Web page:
Going to try something new to get more fiction done and “out in the world”. And that is the one thing I haven’t tried: stating what I’ve done at regular intervals.
I usually work on two projects at a time out of a project pool of 10-12 ideas. Currently I’m working on a “hard sf” novella and a post-apocalyptic or far-future short story. The novella is complete as a story in its current form, but I have some backstory and details of the local setting I want to add in that will probably double the length. The short story is perhaps 5-7 days in a row of writing to complete and yes I have performance/success anxiety over taking that last little step. The other little catch with the short story is that it’s part of what I think will be 3-8 interlinked stories set in a common world. Something like “The World Inside” by Robert Silverberg without all the pervotron parts. So my brain doesn’t think of finishing one story as completing the mission, and maybe simply writing that out will help me over the hurdle and do the other stories too.
Anyway, long story short, this week I watched a documentary for backstory details on the novella and got some great ones to work in and I made no progress on the short story. The plan for next week (I start weeks on Sundays) is to finish the short story and do an outline of the revisions to the novella. I don’t think I need to see more than two or three more documentaries to get the kinds of details I want in the novella (food, social customs, male and female roles, clothing, how the houses and buildings look).
I have a lot on my plate this calendar year and the biggest obstacle to getting back to writing fiction regularly (3x/week or more) is that my days are filled up with kid-related logistics until next school year or another child is potty-trained, whichever comes first. I used to find it strange how people would go off somewhere and binge-write for a few weeks a year and then nothing the rest of the year. It’s usually a man thing, but it might end up being a mom thing in my case. We’ll see how these updates help with avoiding that.
I have the usual obstacles of a mother of young children regarding writing at length, but I also have the difficulty of deciding whether to focus on fiction or continue poking around with nonfiction blog posts.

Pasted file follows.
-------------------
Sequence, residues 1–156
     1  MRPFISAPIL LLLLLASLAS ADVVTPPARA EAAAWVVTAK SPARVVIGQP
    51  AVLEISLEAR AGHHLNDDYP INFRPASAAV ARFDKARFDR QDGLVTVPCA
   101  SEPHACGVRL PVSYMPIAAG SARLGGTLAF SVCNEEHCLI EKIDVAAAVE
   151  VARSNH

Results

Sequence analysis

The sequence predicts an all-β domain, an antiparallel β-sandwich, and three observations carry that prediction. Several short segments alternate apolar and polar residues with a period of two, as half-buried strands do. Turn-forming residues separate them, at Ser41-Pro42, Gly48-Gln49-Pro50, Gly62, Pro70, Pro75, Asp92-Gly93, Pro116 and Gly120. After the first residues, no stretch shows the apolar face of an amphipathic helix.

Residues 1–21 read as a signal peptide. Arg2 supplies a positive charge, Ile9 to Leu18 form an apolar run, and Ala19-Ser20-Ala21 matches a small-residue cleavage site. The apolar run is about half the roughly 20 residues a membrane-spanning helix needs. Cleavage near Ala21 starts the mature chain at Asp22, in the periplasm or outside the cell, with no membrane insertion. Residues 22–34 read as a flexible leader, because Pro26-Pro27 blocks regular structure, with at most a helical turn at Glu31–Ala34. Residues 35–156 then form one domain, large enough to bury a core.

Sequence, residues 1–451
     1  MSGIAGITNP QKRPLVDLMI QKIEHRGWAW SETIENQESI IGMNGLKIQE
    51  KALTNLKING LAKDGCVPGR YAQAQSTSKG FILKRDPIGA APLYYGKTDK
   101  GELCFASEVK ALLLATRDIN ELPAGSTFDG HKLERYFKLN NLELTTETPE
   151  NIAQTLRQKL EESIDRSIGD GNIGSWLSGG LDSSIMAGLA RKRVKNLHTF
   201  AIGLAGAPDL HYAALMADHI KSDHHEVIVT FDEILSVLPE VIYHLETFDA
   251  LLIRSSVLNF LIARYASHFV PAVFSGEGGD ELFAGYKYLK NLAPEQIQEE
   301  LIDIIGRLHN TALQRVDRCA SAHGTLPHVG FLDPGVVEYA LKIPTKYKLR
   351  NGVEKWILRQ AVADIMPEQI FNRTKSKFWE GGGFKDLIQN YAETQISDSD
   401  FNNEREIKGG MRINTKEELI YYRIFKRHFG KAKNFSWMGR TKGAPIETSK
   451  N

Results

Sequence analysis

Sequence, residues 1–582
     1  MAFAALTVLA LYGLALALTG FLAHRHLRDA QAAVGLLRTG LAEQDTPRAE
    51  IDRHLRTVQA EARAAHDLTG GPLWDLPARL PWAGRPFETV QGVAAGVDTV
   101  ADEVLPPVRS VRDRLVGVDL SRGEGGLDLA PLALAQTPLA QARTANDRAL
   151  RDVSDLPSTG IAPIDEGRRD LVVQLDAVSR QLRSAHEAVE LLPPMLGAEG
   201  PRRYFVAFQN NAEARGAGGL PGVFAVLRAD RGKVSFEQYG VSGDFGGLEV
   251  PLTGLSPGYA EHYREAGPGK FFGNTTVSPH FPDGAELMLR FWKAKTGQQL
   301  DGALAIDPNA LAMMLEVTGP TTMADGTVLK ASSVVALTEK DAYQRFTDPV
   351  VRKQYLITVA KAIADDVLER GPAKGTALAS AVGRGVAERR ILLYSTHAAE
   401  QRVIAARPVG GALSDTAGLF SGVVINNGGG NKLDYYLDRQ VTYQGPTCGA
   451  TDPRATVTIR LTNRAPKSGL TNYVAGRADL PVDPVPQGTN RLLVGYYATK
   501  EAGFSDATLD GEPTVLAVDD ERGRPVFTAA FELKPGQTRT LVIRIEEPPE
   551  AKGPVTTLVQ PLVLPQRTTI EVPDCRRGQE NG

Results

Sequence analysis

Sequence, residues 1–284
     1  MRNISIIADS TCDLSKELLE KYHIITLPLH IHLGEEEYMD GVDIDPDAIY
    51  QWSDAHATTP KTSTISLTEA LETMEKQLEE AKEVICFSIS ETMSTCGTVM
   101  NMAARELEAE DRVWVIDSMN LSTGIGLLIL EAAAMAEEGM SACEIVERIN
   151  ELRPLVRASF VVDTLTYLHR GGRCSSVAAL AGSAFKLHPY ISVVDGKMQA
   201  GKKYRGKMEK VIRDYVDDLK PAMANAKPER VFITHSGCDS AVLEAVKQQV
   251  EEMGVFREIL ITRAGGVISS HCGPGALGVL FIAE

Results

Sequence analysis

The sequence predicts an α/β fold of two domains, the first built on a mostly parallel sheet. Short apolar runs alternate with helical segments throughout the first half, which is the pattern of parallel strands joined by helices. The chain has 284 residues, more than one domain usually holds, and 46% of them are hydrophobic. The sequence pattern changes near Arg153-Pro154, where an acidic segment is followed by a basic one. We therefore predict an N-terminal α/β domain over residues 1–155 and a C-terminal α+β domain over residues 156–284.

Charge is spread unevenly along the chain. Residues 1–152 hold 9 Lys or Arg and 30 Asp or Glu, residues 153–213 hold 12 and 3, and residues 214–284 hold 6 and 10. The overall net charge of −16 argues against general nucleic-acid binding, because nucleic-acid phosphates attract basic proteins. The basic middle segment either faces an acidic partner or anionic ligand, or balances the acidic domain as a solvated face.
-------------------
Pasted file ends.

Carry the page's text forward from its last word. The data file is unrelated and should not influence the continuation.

It’s a tough one, because I can’t put up the fiction as I go, nor can I really discuss it, since I may be working under pen names beyond the current one. But I write fiction a lot faster than a blog post. In the time I’m writing this, I could have just about done 500 words of fiction. (About 10 minutes, btw.)
But on the other other hand, I’ve learned so many interesting things about modern American history and education, and some of them are helpful with the fiction. It’s a dilemma.
I have been stumbling across a lot of SAHMs who have seized upon self-publishing as a way to make money while having the flexibility to be at home with their children for homeschooling, special needs or infant/toddlerness. One of the astonishing things about them is how they blow a lot of work-at-home mothers out of the water on the support network front.
Self-publishing SAHMs have childcare so they can write. Either they pay for it, get a relative to watch the kids a few times a week or they talk to their husbands about taking the kids so they can write 2 or 3 hours a night. This is a baffling thing full-time work-at-home people rarely do. They seem to think if you’re at home working the kid(s) will just realize this and let you work, even if they’re infants or toddlers.
This means they reliably write 10-20 hours per week, a true part-time job that can be integrated into their general household management and not cause friction. And they also pace themselves, they never plan more work than they can reasonably produce on a set, consistent, frequent schedule. They just work to market whatever length of writing that schedule produces. And it works. Because this self-selecting, wonderfully sensible pool of women does not bite off more than they can chew, they sell thousands of copies a month of short stories, novellas and novels apiece and make anywhere from a couple thousand dollars a month for their time to ten thousand or more per month.
At first I thought it was just one or two women, but as I’ve looked at the people who admit to self-publishing and discuss their background, I’ve found it’s a common theme with the SAHMs who are making a go of it.
What a wonderful discovery.